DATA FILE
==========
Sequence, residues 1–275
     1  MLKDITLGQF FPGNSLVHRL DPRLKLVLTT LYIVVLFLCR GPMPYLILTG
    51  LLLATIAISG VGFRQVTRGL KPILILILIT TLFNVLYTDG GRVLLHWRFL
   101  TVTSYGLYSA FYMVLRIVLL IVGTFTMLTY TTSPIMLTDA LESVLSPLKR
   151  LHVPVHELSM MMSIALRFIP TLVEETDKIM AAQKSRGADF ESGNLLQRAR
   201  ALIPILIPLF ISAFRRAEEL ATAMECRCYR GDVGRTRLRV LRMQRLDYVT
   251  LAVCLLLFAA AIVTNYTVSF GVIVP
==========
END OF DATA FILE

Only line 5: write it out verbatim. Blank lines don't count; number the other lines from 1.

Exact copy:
   151  LHVPVHELSM MMSIALRFIP TLVEETDKIM AAQKSRGADF ESGNLLQRAR